Although some rudimentary plumbing was added in 1897, sanitation and washing facilities for the many bedrooms in this category A listed historic mansion originally relied on servants carrying water, hip baths and chamber pots up and down the back stairs. We have advised in the design of ensuite bathrooms, toilets (including a disabled toilet), fire doors and other alterations and improvements to make it more easily accessible and bring it up to modern standards of comfort and convenience.
Wedderburn Castle and estate has been owned by the Home family since at least the 14th century. Mary Queen of Scotts stayed at the tower house en route to view the English defence works at Berwick. The present house was intended as a new marital home for Patrick Home. Designed by the famous Scottish architects, the brothers Robert and James Adam, it wrapped round the original tower house and was the first of their ‘Castle’ style country houses. Construction lasted from 1771 to 1778 under the supervision of local architect James Nisbet, with Patrick Hume’s nephew George overseeing the work. In 1773 George reported to his uncle that Wedderburn was ‘…light and elegant and has an appearance of extent very much beyond the real one. The octagons have a fine effect, especially on the west front, as has the circular projection to the south.’, anticipating that ‘Within it will be convenience itself: there it may vie with the palaces of Italy.’ This was not to be, however, as the married couple never took up residence and the unfinished house passed to George. After the Foreman-Home brothers inherited it in the 1820s they demolished the original tower house which had been left standing in the courtyard, to let more light into the Adam S wing, and employed the Edinburgh architect James Gillespie Graham to complete the interiors, including the fine entrance hall and double staircase, and the porte cochere. Few other alterations were carried out and the house remains largely as the Adam brothers left it, with some significant chimneypieces including one by Piranesi (1720-78).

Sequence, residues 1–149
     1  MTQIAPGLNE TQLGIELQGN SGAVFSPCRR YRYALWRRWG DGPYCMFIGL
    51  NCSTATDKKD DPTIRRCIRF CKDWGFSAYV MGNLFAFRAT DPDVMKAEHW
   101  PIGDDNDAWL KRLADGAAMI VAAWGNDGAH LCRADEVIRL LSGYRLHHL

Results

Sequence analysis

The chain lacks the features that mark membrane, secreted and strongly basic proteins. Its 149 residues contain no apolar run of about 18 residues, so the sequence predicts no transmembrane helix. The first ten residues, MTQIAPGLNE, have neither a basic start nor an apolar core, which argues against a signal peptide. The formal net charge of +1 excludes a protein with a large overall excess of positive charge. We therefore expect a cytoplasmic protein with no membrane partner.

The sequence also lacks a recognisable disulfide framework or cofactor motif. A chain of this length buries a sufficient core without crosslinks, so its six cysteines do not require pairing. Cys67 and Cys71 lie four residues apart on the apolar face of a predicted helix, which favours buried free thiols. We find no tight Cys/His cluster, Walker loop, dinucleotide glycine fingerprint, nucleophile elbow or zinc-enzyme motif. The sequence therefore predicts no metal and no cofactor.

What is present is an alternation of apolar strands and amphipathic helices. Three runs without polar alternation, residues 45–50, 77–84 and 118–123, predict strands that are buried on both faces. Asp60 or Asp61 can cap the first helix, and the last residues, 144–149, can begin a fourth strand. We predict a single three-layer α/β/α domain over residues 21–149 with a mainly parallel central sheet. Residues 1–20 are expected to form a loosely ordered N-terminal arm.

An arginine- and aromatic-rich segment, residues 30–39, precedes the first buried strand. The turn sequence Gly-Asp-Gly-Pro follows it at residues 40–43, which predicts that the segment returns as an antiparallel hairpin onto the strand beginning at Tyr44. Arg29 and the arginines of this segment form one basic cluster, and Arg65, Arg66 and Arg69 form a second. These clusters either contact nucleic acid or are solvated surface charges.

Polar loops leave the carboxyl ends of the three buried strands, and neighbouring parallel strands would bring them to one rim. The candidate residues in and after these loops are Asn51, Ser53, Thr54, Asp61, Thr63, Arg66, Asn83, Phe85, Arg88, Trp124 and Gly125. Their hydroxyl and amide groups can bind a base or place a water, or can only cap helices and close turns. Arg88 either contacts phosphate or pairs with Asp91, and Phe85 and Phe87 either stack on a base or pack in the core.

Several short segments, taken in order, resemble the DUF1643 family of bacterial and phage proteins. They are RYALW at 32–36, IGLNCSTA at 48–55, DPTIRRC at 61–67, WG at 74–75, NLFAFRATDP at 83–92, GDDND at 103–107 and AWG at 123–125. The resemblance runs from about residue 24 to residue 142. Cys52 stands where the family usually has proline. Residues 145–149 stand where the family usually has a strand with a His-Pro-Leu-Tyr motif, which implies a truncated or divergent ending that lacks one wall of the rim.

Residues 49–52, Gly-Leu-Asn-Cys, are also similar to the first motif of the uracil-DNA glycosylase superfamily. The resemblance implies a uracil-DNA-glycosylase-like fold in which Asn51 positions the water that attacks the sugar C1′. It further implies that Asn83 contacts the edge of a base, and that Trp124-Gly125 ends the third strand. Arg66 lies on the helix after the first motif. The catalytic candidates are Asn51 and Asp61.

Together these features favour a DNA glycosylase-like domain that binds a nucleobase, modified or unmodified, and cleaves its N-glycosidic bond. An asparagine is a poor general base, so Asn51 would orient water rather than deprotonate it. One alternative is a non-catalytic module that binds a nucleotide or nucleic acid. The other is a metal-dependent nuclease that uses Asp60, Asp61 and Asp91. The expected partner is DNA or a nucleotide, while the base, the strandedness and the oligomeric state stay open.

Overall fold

The mansion has found a new sustainable use as high quality weekend accommodation for house parties, weddings and other functions. Our work has helped to ensure its survival on an economically sustainable basis while preserving its unique character and significance.